When I review phones and cameras, I often mention whether or not the device is capable of taking pictures in RAW format. So, what is RAW? Should you insist on having it as a feature? Should you use it? What advantages does it have, if any, over the good old JPEG files your camera and phone normally produce? And what disadvantages?

To help talk about these things I’m mostly going to use as an example a photo taken on a smart phone – a Samsung Galaxy S7. This has one of the best cameras around … for a smart phone. You will likely be startled by the differences between the RAW and JPEG format photos it produces. As we’ll see, the differences are less stark with standalone digital cameras. The better the camera, the smaller the difference.

Two sets of processing

There are two principal differences between JPEG and RAW photos. The latter is what you might call the raw material used by the processing in the camera to create the JPEG. If you save a RAW image, you are simply plucking the image out of an earlier stage in the picture creation process.

And you’re stopping the “lossy” JPEG compression process.

There are two main sets of image processing that go on inside your digital camera/phone camera. The first set is concerned with simply getting the raw image data in the first place. The output from the image sensor has to be adjusted so that it accurately tracks the brightness to darkness scales for each colour. That becomes the raw material. And if your device supports RAW photography, then that’s probably what will be saved.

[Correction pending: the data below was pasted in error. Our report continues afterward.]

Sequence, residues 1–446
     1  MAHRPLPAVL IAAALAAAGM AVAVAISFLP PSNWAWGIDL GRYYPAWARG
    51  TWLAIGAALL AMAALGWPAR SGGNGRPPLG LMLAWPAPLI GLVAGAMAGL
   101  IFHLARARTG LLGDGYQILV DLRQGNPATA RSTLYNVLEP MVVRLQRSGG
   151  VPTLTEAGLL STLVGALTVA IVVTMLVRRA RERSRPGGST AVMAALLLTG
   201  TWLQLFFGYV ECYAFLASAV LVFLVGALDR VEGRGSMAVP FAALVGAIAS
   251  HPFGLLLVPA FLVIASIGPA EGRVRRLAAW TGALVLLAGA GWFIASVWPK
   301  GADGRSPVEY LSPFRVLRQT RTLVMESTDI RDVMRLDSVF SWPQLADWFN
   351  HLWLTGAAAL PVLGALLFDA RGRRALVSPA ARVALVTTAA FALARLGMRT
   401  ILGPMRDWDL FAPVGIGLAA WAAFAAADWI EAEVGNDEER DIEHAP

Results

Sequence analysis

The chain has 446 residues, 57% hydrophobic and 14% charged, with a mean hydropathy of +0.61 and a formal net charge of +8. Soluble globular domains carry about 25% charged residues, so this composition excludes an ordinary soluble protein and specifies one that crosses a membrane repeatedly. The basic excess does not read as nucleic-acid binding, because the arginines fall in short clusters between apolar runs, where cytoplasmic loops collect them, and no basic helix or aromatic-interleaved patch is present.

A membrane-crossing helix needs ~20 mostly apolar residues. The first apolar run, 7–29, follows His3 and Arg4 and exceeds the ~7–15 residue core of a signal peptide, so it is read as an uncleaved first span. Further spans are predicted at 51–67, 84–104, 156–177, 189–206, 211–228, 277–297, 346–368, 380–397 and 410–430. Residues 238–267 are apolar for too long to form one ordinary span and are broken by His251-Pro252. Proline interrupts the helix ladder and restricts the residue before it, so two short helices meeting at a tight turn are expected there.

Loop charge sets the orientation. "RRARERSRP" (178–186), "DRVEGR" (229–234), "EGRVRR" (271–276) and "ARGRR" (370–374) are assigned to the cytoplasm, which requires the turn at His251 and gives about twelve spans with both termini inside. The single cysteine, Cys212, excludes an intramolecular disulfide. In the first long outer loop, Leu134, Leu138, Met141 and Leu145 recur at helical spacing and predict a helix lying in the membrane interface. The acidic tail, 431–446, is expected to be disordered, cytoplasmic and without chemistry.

But almost all photos then go through additional digital processing which is designed to improve the image. This involves things like tweaking the colour and contrast levels and enhancing picture detail. The better the basic optics and sensor, the less of this kind of processing that is required.

Finally, the image is compressed using JPEG. How much compression is a design decision. Too much can lead to visible compression artefacts. Too little can result in excessively large file sizes. It is, after all, to reduce the size of the files that JPEG compression is used at all.

Most cameras and phones which support RAW files will actually save two copies of the picture: one in RAW and one processed in the usual way and saved as JPEG. The photo I’m going to use here was 4.08MB in its JPEG form, and 23.8MB in RAW. In practice, JPEG files sizes tend to be all over the place in size because how effective JPEG compression is depends very much upon the content. The photos I on the same day as the example photo range in size from 2.90MB to 5.20MB in JPEG. In RAW they are all 23.8MB. The RAW file consists of the original photo, and possibly some metadata and a small JPEG preview. The Samsung Galaxy S7, for example, embeds a 504 by 376 pixel JPEG preview. This shows up in Windows Explorer, making it easier to manage these pictures because you can see what they are without having to open them in suitable image processing software.